November 15, 2012


Diane M. Fremgen

Clerk of Court of Appeals







This opinion is subject to further editing.  If published, the official version will appear in the bound volume of the Official Reports. 


A party may file with the Supreme Court a petition to review an adverse decision by the Court of Appeals.  See Wis. Stat. § 808.10 and Rule 809.62. 





Appeal No. 


Cir. Ct. No.  2011SC3476









William X. Kealey,






Brayden Holmquist,




Kerrah Holmquist,







            APPEAL from a judgment of the circuit court for Rock County:  james E. welker, Judge.  Affirmed. 

1        BLANCHARD, J.[1]    This court is presented with two issues in this tenants’ appeal, brought pro se, from a judgment of eviction awarded to their landlord, William Kealey.  The tenants, Brayden and Kerrah Holmquist, state the issues as follows: 

(1)       “Did the court … err in leading Kealey’s examination of his witness, … and [in] allowing [the witness] to take over as speaker for Kealey in the hearing?”

(2)       “Did the court err by not recognizing [the tenants’] rights under the Wisconsin Landlord/Tenant Protection Act and Wisconsin Statute 846.35(2)(a)2.,” a statute (now repealed) that addressed a tenant’s right to withhold rent equal to the security deposit when the rented property is sold at foreclosure?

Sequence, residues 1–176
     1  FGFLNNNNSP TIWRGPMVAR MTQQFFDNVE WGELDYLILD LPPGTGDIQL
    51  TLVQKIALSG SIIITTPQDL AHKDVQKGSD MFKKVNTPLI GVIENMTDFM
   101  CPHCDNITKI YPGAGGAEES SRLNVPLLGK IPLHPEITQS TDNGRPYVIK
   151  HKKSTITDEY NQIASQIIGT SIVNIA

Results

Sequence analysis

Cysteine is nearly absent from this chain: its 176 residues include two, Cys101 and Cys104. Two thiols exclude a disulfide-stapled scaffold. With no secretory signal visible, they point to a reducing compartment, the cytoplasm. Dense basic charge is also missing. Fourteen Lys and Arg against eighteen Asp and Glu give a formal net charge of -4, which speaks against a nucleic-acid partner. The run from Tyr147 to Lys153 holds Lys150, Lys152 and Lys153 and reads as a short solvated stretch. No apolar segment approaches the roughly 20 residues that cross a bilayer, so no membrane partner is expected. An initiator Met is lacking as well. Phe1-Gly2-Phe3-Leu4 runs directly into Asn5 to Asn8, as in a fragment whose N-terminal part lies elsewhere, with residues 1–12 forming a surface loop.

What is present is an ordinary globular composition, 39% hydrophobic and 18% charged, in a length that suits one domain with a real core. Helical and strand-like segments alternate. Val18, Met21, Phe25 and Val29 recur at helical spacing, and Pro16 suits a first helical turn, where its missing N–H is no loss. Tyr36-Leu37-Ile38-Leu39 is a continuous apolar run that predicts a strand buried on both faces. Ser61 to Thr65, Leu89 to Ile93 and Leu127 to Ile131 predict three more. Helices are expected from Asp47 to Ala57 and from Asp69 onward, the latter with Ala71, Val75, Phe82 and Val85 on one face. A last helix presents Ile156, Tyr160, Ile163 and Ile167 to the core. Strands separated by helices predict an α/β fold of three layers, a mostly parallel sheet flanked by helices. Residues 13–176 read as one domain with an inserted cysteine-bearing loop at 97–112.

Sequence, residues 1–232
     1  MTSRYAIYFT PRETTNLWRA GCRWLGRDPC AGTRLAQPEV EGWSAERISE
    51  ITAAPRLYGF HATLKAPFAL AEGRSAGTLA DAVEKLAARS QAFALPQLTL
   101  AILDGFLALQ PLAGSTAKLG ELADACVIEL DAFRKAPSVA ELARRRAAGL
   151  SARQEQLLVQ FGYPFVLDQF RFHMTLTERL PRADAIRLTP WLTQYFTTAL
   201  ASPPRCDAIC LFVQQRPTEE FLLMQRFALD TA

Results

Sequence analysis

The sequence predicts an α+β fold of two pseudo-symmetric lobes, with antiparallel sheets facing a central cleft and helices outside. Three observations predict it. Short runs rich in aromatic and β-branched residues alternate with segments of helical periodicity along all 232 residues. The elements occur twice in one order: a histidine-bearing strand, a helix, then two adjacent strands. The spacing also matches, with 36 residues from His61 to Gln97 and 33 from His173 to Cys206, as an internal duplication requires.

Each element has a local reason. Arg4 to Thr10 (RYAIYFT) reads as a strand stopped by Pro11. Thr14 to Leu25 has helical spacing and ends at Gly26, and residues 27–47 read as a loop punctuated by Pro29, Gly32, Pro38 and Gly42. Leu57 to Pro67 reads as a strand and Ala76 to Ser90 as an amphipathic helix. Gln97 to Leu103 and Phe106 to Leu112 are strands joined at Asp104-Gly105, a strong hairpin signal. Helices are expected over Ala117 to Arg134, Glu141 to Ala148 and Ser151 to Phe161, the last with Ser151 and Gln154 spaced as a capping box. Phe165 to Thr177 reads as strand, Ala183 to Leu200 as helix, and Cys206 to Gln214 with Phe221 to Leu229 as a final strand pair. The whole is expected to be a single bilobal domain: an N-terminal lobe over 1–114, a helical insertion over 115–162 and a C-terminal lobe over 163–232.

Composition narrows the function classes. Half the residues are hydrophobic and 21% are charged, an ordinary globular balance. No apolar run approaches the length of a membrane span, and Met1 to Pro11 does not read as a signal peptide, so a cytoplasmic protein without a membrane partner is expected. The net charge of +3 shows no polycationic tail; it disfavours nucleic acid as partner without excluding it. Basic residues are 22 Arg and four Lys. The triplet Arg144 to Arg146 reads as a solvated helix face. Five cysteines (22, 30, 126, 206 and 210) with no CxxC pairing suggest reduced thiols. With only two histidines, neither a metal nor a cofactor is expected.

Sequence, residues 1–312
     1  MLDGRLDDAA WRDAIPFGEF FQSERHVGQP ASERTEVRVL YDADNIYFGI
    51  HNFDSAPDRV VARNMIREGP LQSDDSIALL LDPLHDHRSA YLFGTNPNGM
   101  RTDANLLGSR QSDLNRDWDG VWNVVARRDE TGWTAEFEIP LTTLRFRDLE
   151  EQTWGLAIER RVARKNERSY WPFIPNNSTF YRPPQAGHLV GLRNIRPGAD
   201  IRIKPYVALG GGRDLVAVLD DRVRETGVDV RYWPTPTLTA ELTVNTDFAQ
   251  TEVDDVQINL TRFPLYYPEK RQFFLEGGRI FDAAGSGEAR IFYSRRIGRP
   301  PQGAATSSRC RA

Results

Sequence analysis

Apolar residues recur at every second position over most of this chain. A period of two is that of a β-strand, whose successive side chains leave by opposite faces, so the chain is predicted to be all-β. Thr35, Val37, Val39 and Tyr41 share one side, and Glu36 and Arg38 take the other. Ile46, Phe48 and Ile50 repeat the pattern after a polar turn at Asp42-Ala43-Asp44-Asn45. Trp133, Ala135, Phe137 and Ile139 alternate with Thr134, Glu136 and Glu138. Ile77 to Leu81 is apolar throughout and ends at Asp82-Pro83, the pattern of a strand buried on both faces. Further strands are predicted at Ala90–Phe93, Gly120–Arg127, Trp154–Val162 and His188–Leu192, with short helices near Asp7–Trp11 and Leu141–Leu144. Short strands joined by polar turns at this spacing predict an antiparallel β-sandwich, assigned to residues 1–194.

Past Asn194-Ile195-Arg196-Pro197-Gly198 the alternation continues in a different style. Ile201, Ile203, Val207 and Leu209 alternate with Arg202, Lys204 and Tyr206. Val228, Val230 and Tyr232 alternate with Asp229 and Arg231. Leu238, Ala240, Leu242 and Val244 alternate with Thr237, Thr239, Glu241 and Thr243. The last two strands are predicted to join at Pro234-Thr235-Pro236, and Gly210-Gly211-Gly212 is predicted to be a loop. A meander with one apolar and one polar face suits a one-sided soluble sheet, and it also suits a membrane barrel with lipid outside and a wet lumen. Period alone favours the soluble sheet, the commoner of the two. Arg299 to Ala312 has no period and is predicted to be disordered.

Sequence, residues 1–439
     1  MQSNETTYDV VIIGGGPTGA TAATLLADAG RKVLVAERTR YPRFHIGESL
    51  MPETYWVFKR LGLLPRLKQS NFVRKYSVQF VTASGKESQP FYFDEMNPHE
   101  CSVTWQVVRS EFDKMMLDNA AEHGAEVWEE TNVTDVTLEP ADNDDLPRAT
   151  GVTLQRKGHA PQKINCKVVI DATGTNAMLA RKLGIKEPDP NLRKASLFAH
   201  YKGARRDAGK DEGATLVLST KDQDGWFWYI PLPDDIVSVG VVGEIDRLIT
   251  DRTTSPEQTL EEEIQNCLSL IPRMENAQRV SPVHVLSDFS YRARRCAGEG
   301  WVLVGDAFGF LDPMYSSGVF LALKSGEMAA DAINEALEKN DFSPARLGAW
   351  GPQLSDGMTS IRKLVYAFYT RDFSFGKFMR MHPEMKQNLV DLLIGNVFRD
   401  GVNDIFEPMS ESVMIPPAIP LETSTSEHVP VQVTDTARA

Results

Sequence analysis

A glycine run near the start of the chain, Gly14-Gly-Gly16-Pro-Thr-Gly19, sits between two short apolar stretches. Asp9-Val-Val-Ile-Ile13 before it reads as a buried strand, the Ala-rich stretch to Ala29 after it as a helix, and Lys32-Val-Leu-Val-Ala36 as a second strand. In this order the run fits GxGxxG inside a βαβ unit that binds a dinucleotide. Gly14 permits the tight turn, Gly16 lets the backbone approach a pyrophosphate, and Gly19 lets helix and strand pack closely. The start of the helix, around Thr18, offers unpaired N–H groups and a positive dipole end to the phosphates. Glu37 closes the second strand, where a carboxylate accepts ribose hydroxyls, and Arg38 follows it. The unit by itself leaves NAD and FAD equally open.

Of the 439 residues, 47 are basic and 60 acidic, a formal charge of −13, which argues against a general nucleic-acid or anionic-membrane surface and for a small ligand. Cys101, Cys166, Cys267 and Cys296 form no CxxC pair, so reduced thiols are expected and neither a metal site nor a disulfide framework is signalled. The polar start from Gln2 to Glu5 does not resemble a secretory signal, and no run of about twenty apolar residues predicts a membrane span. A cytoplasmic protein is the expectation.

This court is not persuaded by the Holmquists’ limited and undeveloped arguments on each issue.  Accordingly, the judgment is affirmed.


2        In November 2011, Kealey filed a small claims action for eviction and a money judgment against the Holmquists.  Kealey alleged, in part, that the Holmquists failed to pay full rent on a residential unit for the months of April through August and failed to pay any rent for the months of September through November.  

3        At a hearing on the eviction, Kealey represented himself, while the Holmquists appeared with an attorney.  There was no dispute that there was a rental agreement.  However, there was a dispute as to whether the Holmquists were current on rent as of September 8, 2011.